Summary and Keywords
The topic of populism in foreign policy is receiving growing attention in academic and public discourse as populist parties and movements proliferate around the world. Yet foreign policy analysis (FPA) scholars interested in the role of populism in foreign policy have to deal with a concept that is notoriously slippery and contested.
The existing literature on populism and foreign policy has already offered interesting insights. Focused primarily on Europe, it usually applies the conceptualization of populism as a thin-centered ideology that attaches to thicker ideological traditions and reformulates them in terms of the elite-people divide. Following this conceptualization (that is today the dominant framework for the comparative analysis of populism, particularly in Europe), this literature argues that populist parties of the right have foreign policy positions that reflect their nativism, opposition to immigration, focus on national sovereignty, and rejection of economic and cultural globalization. Populist parties of the left on the other hand reject in their foreign policy positions neo-liberalism and open markets. Together, European populist parties of all persuasions are Eurosceptic, anti-American, and usually pro-Putin’s Russia.
Highlighted are the breadth of critical and discursive approaches on populism that scholars of populism and foreign policy can use, particularly because they have been applied successfully to cases outside of Europe, where populists have long held political power and have influenced foreign policy in practice. Such conceptualizations commonly view populism as a reaction to crises of political representation engendered by dislocations caused by globalization and other shifts in international politics. These dislocations will take different forms, but populism in the West and populism in the Global South can be seen, despite more specific differences of outlook, at the very least as a specific type of reaction to concurrent political and economic crises in a rapidly denationalized and deterritorialized world. In this context, most populist foreign policies reflect a preoccupation with popular sovereignty and unmediated projection of popular demands and national interests outside of established processes of global governance. Populists will also tend to perceive and analyze foreign policy issues through the lens of the elite-underdog opposition.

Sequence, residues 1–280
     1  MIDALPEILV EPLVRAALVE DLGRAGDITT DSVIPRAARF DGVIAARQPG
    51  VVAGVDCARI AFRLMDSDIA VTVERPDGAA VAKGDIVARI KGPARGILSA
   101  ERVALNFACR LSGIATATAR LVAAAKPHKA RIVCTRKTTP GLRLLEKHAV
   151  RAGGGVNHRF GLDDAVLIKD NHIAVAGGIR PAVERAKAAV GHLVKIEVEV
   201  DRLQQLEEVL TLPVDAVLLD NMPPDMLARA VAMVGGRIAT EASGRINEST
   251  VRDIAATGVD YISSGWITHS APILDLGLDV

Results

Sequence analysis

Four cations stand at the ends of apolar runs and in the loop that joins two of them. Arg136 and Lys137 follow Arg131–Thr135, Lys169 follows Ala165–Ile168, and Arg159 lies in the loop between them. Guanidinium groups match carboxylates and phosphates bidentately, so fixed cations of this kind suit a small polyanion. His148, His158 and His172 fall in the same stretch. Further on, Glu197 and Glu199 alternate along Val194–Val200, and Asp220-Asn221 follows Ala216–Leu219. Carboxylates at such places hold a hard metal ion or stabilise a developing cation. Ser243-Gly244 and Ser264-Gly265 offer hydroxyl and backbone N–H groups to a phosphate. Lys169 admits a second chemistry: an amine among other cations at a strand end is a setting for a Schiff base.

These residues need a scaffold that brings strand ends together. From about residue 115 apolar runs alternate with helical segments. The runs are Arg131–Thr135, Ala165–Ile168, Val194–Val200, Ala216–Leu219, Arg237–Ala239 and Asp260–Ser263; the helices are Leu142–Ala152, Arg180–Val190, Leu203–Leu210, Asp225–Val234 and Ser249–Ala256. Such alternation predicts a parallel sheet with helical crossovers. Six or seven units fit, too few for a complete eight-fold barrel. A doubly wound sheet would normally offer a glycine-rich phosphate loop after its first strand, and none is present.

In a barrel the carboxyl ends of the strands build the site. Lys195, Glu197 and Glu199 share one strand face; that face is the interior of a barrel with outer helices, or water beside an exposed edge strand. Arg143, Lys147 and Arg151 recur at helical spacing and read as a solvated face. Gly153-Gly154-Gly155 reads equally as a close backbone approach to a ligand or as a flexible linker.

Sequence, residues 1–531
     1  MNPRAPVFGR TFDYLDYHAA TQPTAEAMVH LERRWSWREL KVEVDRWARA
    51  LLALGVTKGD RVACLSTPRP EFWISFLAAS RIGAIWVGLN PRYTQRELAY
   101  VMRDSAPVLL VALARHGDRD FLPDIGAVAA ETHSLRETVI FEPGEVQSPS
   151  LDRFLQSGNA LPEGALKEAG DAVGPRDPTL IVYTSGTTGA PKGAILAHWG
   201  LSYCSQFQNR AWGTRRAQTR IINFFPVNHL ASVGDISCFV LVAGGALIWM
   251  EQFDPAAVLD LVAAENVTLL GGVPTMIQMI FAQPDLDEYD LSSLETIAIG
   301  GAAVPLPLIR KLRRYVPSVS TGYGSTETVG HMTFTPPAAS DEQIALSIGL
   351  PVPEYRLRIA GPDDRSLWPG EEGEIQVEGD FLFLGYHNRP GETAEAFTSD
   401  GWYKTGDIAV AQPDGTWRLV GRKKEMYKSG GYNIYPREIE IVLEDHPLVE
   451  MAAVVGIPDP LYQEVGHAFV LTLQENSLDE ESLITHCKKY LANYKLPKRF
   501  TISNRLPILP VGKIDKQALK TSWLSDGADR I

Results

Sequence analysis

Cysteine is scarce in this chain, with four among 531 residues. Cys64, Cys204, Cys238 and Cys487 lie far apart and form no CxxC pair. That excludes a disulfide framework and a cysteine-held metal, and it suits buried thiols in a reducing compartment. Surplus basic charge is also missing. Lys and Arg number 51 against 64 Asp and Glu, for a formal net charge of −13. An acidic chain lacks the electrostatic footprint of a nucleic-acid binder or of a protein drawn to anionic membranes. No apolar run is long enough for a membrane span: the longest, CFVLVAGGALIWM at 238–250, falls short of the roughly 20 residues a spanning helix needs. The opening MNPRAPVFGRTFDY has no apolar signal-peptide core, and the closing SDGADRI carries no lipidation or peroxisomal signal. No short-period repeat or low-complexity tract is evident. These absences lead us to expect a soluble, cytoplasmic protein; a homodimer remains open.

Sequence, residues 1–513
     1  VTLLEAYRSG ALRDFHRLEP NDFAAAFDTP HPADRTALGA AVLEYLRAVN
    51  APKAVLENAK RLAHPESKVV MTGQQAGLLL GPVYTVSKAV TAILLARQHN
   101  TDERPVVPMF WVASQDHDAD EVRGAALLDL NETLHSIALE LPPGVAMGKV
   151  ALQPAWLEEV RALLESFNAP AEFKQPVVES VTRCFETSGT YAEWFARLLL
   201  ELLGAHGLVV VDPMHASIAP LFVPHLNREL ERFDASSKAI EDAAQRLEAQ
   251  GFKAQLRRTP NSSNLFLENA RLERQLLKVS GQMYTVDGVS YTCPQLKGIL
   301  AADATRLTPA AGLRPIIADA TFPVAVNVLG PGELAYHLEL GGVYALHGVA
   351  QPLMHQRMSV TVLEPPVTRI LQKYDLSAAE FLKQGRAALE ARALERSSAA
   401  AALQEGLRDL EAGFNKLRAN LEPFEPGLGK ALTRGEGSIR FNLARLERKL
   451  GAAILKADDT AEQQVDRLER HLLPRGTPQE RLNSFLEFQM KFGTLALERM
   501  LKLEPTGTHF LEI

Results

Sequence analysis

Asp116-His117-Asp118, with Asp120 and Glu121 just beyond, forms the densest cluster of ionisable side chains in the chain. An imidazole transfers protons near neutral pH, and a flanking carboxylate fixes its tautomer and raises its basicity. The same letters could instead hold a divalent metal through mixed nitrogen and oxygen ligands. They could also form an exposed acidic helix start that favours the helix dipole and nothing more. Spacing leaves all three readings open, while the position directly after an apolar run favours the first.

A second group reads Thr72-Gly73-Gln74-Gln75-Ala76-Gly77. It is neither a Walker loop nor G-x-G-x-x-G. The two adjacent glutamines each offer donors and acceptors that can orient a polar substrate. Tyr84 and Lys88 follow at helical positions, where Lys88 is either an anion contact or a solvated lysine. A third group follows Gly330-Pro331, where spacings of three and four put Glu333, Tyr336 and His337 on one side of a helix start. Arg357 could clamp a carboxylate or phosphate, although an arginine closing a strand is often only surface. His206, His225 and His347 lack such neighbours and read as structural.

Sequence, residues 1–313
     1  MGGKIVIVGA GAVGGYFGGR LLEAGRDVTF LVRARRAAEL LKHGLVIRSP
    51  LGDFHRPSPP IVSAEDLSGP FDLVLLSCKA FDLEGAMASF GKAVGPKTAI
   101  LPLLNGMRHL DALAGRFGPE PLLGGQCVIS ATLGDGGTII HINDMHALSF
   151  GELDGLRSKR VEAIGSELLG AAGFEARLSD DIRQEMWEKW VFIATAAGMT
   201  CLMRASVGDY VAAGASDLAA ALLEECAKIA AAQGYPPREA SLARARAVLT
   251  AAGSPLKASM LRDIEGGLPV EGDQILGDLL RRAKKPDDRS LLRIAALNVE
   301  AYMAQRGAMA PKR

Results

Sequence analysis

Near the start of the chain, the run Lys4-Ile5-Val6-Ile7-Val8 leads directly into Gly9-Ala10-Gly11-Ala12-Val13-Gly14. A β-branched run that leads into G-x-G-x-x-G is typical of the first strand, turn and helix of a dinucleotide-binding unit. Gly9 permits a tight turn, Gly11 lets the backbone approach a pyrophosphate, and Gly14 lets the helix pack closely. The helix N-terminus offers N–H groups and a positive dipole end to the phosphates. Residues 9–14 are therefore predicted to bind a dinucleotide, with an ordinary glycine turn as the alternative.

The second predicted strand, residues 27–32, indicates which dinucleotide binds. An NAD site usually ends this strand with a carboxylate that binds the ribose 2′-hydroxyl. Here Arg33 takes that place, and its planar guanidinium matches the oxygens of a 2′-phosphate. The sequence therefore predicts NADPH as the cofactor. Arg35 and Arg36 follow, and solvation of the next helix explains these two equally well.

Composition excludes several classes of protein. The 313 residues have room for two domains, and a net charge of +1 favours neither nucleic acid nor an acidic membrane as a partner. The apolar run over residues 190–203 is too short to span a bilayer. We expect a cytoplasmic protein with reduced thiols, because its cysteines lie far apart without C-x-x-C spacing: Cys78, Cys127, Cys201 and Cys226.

Populism is commonly associated or conflated with nationalism (especially in the case of the European radical right) and isolationism, but in practice this does not always have to be the case. The “people” for whom populists speak in international affairs can very well transcend national borders, as evidenced, for example, in the foreign policies of Hugo Chavez and Mahmud Ahmadinejad, who aimed to represent transnational constituencies like the Global South, the Islamic world, the world poor, etc. And while populists generally eschew commitments to broader milieu goals of the international system, they can still engage with foreign affairs if they see immediate material benefits. The same goes for trade: populists (particularly in the United States) are seen usually as ideological protectionists, but most often they do not mind striking trade deals if these favor their interests (see, e.g., Donald Trump’s discourse on this issue).
In terms of theoretical and methodological advancements, foreign policy scholars interested in populism are urged to embrace the large variety of conceptual approaches on populism (ideological, critical, discursive) and to build on the growing literature on cross-regional comparison of populist politics, something particularly pertinent in a world characterized by the presence and prominence of populism in almost all world regions.
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